This week I got the chance to chat with Kevin Kruse, the founder and CEO of LEADx, a company that offers a leadership development platform powered by artificial intelligence. He’s a New York Times bestselling author, host of the LEADx podcast, and he has a new book just out called Great Leaders Have No Rules, that we spent most of our time talking about.
AI-powered leadership advice
But the first thing Kevin did is explain to me what an AI-powered leadership development platform is. Basically, it’s an app for your phone that uses IBM’s Watson supercomputer AI to give you situational leadership advice tailored to your specific leadership style. So, it’s like an executive coach in your pocket. You can hear him explain how it works in our conversation. But if you want to try it out for free, you can do that at Leadx.org.
10 Ideas for Leaders
As for the book, it lays out 10 counter-intuitive ideas leaders should consider. Here they are:
- Close your open door policy
- Shut off your smartphone
- Have no rules
- Be likable, not liked
- Love everyone (even if you don’t like them)
- Crowd you calendar
- Play favorites
- Reveal everything (including salaries)
- Show weakness
- Remember that leadership is NOT a choice
We talked about #3 and #4 on the podcast above, and you can listen to that above. If you’re in a hurry, below are the two stories that he discussed, as written in the book. But the conversation is more fun, and you’ll hear Kevin’s conclusions from the stories.
From “Be Likable, Not Liked”
“There’s something important I need to ask you,” billionaire Brad Kelley began. “Do you need to be liked?”
“Well, I want to be liked,” answered his 24-year old employee, Daniel Houghton.
“That’s not what I asked.”
Houghton answered again, “I don’t need to be liked.”
“Good. Needing to be liked is a problem.” And then Kelley made young Houghton the CEO of the iconic guidebook company, Lonely Planet, which Kelley had just acquired at a fire sale price.
In the U.S. version of the television mockumentary, The Office, regional manager Michael Scott (played by Steve Carell) gives a very different answer to this question: “Do I need to be liked? Absolutely not. I like to be liked. I enjoy being liked. I have to be liked. But it’s not like a compulsive need to be liked. Like my need to be praised.”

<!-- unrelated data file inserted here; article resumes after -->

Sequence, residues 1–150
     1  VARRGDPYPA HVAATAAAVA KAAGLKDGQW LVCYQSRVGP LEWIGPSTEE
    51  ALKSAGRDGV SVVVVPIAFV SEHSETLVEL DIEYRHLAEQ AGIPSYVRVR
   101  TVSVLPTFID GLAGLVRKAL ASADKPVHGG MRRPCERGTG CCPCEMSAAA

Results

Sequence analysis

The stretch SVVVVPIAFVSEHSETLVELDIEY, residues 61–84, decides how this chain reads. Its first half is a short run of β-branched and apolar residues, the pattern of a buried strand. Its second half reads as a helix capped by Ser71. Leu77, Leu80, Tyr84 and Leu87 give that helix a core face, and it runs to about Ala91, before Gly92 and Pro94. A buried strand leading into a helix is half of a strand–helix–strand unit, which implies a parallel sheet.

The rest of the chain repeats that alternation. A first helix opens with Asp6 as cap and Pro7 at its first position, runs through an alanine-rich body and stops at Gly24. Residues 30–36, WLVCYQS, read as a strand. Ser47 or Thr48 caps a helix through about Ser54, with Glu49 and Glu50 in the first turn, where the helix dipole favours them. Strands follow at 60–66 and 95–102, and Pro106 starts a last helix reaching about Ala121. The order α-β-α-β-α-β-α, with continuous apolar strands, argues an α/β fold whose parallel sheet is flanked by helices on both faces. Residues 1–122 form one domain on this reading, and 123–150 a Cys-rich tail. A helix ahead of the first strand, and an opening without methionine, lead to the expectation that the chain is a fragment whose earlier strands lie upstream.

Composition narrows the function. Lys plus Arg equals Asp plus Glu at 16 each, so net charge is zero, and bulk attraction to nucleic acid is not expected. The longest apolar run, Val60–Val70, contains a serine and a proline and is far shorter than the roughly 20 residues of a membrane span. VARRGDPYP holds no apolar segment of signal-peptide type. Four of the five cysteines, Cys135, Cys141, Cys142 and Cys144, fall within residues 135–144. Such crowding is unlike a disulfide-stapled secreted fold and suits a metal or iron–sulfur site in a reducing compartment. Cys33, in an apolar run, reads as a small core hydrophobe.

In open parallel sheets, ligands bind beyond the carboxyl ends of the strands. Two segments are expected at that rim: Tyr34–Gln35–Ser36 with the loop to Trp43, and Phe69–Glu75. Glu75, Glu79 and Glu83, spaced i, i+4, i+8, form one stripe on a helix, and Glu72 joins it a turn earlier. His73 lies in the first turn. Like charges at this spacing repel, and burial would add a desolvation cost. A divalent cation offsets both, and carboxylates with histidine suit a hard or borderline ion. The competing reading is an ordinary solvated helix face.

For the first twenty years of my career, I was Michael Scott. And this turns out to be my single greatest weakness as a leader.
Most people don’t need a better friend. They need a leader.
No Rules story
“I’m staring at my expense check and it’s short by about four dollars. Must have totaled it up wrong when I submitted my expense report.
I pull up the original form with a month’s worth of mileage, meals, hotel rooms and office supplies. I add up all the rows again and it seems correct.
This was the first time I had ever done my expenses and gotten a check back. I sold my business just a month before, and was now a Vice President and partner in the new company that acquired mine. Maybe I filled out the form wrong or don’t understand how the expense stuff works. I shoot an email off to our CFO letting him know that my check didn’t match my submission; I didn’t care about the $4 but wanted to make sure I hadn’t made an error somewhere.
The email I got back from the CFO—the person who was a fellow partner in the firm, the person who had just cut me a check for over a million dollars to buy my little company—said, “I deducted $4.34 because we don’t allow employees to buy Post-it notes.”
What? He actually reviewed my office supplies receipt and deducted the Post-it notes? And what the heck could be wrong with Post-it notes? I emailed back: Why?
And he answered: Wasteful expense. Cheaper to tear regular paper into little squares.
I can still remember how I felt although this was over 15 years ago. Let’s just say I sure didn’t feel Vice-presidential or like a co-owner of the company. I mean, I didn’t even have the authority to choose office supplies.
I wasn’t the only one surprised by the expense reimbursement rules. Another executive, whose company had also recently been acquired, found his expense check short by five dollars because he had ordered a beer along with his dinner while he was traveling for business. He learned, after the fact that the company policy was not to reimburse for alcohol. You could buy a five dollar milkshake with your dinner but not a five dollar beer.
What I had stumbled into would quickly become known as the “Post-it note debate.” It wasn’t about little self-sticking pieces of paper, of course. And it wasn’t about beer. It was about rules.
When you take away a decision, it becomes your company, not our company.
Source: Great Leaders Have No Rules
Paul Smith is one of the world’s leading experts on business storytelling. He’s a keynote speaker, storytelling coach, and bestselling author of the books Lead with a Story, Parenting with a Story, and Sell with a Story.
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